Multimedia pedagogy: video

Many of my students come into my multimedia pedagogy courses ready to create a web site. And the first question I ask them is “why do you think a web site is the way to go?” And very few have an answer beyond some version of “all the kewl kids are doing it.”

Website can certainly be rich multimedia learning artifacts. However, instructors need consider:

  • are there any existing web resources that already cover this topic
  • how long it will take to build the site
  • what access to the Web will my classroom have
  • how well does this platform bring something special into my class

About 75% of the time, the website idea is canned. Instead, many instructors find creating their own video is a better fit. Certainly the advent of user-friendly video editing software has made creating rich, educationally relevant video artifacts easier.

Freebie software

Most Macintosh and Windows personal computers come with free video editing software either bundled (already installed) or available on a disc or via download. Apple’s iMovie set the gold standard for end-user friendly video editing, but Windows Movie Maker has almost the same functionality. Their features include:

  • Simple video importing
  • Drag and drop sequencing of clips
  • Straightforward cropping and splitting of clips
  • A range of transitions and video effects
  • Ability to add audio, including music
  • export as files suitable for DVD authoring, web streaming, and personal multimedia devices like the iPhone, iPod, and PSP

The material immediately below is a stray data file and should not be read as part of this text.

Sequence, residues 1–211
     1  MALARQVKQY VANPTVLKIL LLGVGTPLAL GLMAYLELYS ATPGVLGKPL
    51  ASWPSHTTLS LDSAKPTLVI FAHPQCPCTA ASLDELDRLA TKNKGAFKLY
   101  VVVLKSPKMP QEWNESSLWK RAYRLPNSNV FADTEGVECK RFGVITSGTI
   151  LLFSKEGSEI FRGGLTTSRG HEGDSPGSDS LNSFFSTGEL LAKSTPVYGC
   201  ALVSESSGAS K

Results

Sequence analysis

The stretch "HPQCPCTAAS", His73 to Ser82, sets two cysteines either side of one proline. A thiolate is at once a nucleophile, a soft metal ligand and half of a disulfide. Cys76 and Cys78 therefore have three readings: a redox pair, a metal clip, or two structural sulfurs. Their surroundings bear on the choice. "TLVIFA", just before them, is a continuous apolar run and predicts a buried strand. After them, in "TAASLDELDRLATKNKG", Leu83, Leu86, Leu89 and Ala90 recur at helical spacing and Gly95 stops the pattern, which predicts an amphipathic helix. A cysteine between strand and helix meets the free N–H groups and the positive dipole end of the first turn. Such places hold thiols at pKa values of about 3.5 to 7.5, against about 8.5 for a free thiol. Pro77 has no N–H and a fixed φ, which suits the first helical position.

So if you have a computer–one with a large (120GB at least; 200GB+ is better) hard drive, you can get into creating video rather quickly.

Hardware: not so free

What can make creating video expensive is the equipment to capture high quality video. You can now get a high quality, feature-loaded digital video camera for $300 or less. Cameras that have a microphone port (so you can use an external microphone) are worth paying a few more $$ for.

I recommend buying one that uses Mini-DV cassettes: hard drive cameras compress the video capture, making it of a lesser quality. And cassettes can be stored if you want to keep archives of your raw video: hard drive cameras have to be emptied out. Mini-DV is one of the rare instances where a 20 year old technology still trumps much of what’s come on market since.

A good tripod is also a must: steady camera=steady video. You can buy a full size collapsible tripod for around $50 if you shop around. Get one that can sit on a table top or on its own.

Most cameras have a built-in, good quality microphone, which will serve your purposes most of the time. But buying a lavallier microphone (that pins to a shirt or lapel) can help when it’s windy or there’s a lot of background noise. When you buy the microphone also buy a nice long extension cable for it–the longer (10m? 30m?) the better.

Lighting is also very important, but you can creatively use regular lamps (halogen, compact fluorescent, bog standard old skool bulbs) to get a nice lighting effect.

And if your computer’s hard drive is small or full, you can use an external USB or Firewire hard drive to store and edit video.

About John P Egan

Learning technology professional.
This entry was posted in Uncategorized and tagged , . Bookmark the permalink.